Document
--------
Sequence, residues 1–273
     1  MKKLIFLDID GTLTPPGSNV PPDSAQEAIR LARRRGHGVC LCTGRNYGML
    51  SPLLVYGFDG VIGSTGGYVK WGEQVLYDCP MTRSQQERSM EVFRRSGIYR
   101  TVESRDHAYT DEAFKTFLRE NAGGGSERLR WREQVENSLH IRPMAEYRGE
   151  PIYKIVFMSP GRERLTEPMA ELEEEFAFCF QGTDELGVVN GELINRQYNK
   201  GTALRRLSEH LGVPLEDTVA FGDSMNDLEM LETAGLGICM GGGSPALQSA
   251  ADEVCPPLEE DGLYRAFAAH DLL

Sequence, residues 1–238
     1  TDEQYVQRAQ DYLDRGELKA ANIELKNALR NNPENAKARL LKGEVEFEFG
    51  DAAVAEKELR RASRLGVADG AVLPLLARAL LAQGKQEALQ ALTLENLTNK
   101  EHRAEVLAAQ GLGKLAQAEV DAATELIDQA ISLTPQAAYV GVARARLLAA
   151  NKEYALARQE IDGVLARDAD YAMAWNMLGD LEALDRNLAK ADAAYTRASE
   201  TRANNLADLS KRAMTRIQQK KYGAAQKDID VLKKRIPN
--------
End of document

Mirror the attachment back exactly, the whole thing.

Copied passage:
Sequence, residues 1–273
     1  MKKLIFLDID GTLTPPGSNV PPDSAQEAIR LARRRGHGVC LCTGRNYGML
    51  SPLLVYGFDG VIGSTGGYVK WGEQVLYDCP MTRSQQERSM EVFRRSGIYR
   101  TVESRDHAYT DEAFKTFLRE NAGGGSERLR WREQVENSLH IRPMAEYRGE
   151  PIYKIVFMSP GRERLTEPMA ELEEEFAFCF QGTDELGVVN GELINRQYNK
   201  GTALRRLSEH LGVPLEDTVA FGDSMNDLEM LETAGLGICM GGGSPALQSA
   251  ADEVCPPLEE DGLYRAFAAH DLL

Sequence, residues 1–238
     1  TDEQYVQRAQ DYLDRGELKA ANIELKNALR NNPENAKARL LKGEVEFEFG
    51  DAAVAEKELR RASRLGVADG AVLPLLARAL LAQGKQEALQ ALTLENLTNK
   101  EHRAEVLAAQ GLGKLAQAEV DAATELIDQA ISLTPQAAYV GVARARLLAA
   151  NKEYALARQE IDGVLARDAD YAMAWNMLGD LEALDRNLAK ADAAYTRASE
   201  TRANNLADLS KRAMTRIQQK KYGAAQKDID VLKKRIPN